WASHINGTON - When Justice Sandra Day O'Connor told a group of Minnesota lawyers recently that she was worried about the administration of the death penalty and the possibility of executing innocent defendants, opponents of capital punishment were more than a little surprised.
Since being appointed to the Supreme Court in 1981, O'Connor has voted to speed the pace of executions and limit the ability of death row inmates to appeal their convictions and sentences. She has also rejected claims that the Constitution forbids the execution of the mentally retarded and defendants as young as 16.
More than just a surprise, however, O'Connor's statement was the latest and perhaps clearest sign of how sharply the debate over the death penalty has shifted in recent years.
In the early to mid-1990s, with violent crime hitting record levels and public concern about safety rising, polls showed that 75 percent to 80 percent of Americans supported the death penalty. It was the highest level of support since polling began in the 1930s, and few experts predicted that it would drop any time soon.
But that is precisely what has happened over the past two or three years. Though a majority of Americans still endorse capital punishment, polls show that the level of support has fallen to between 60 percent and 65 percent, the lowest point since the mid-1970s.
"I think we're at an important moment of reconsideration of the death penalty," said Austin Sarat, an Amherst College professor who recently published a book on the subject. "Even though 63 [percent] or 65 percent of people say they're in favor of capital punishment, support is weakening when people are presented with realistic alternatives."
The substance of the debate has also changed. Whereas discussion used to revolve around moral issues - such as whether the state should ever take a life - it now centers on pragmatic questions: Is the death penalty being unfairly administered? Are innocent people being sentenced to death?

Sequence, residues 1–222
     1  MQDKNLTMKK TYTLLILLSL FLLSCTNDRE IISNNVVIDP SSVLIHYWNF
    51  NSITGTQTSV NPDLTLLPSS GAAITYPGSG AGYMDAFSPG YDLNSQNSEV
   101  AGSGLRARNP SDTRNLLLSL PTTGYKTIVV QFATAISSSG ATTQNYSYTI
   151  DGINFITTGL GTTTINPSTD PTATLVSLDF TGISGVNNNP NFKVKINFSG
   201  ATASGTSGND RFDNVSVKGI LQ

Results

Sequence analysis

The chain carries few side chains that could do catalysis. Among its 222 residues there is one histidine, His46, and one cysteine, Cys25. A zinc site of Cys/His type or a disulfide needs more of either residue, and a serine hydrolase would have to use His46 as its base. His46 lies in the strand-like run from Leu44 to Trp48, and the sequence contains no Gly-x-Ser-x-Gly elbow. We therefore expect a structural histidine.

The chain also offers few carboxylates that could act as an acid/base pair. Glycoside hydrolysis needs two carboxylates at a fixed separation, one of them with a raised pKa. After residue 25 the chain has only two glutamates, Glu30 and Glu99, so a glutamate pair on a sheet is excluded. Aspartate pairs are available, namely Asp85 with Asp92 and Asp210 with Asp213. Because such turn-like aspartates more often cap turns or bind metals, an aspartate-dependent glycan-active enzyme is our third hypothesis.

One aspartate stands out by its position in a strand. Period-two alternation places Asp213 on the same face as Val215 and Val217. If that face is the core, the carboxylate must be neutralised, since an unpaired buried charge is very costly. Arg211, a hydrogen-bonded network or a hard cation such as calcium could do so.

And these questions are being asked not only by liberals but also by prominent conservatives. In her speech to the Minnesota group, O'Connor noted that more than 90 death row inmates nationwide have been exonerated by new evidence since 1973 and that many capital defendants are poorly represented at trial.
"The system may well be allowing some innocent defendants to be executed," she said.
Outspoken conservatives such as Pat Robertson, Oliver L. North and George Will have expressed similar concerns. Indeed, polls show that as many as two-thirds of Americans support a moratorium on executions until questions about the fairness and integrity of the way the death penalty is administered can be resolved.
These changes in public opinion have already had tangible effects. Last year, Illinois Gov. George Ryan, a Republican, halted executions in his state after it was reported that 13 death row inmates there had been exonerated since 1977.
This year, Arizona, Connecticut, Florida and Missouri banned executions of the mentally retarded, bringing to 17 the number of states with such policies. And many of the 38 states with the death penalty are considering or have approved legislation to provide greater protection for those accused of capital crimes.
Meanwhile, a bill pending in Congress would require states to provide qualified and experienced attorneys to all defendants facing the death penalty and would improve access to DNA testing.
Not all efforts to reform or eliminate the death penalty have succeeded. A proposed moratorium in Maryland stalled in the Senate this year. And bills that would have temporarily halted executions in New Hampshire and Nebraska were vetoed by the governors of those states.
But opponents of the death penalty are more optimistic than they have been in years. They say the shift in public opinion could lead to serious reforms and possibly the elimination of capital punishment.
The story of how public sentiment on such an emotional issue has evolved over the past few years is a striking one. And it is a development that experts are still trying to explain.
Many point to the sharp drop in violent crime since the mid-1990s. They note that there has historically been a close correlation between safety concerns and support for the death penalty.
"Some part of the support for the death penalty comes from fear and vulnerability," says Robert Blecker, a New York Law School professor who supports capital punishment as a legitimate means of retribution. "And to the extent we fear less, we're less likely to support it."
Experts also point to the rising condemnation of capital punishment by religious leaders, particularly Pope John Paul II, who in 1999 persuaded the governor of Missouri to spare the life of a death row inmate.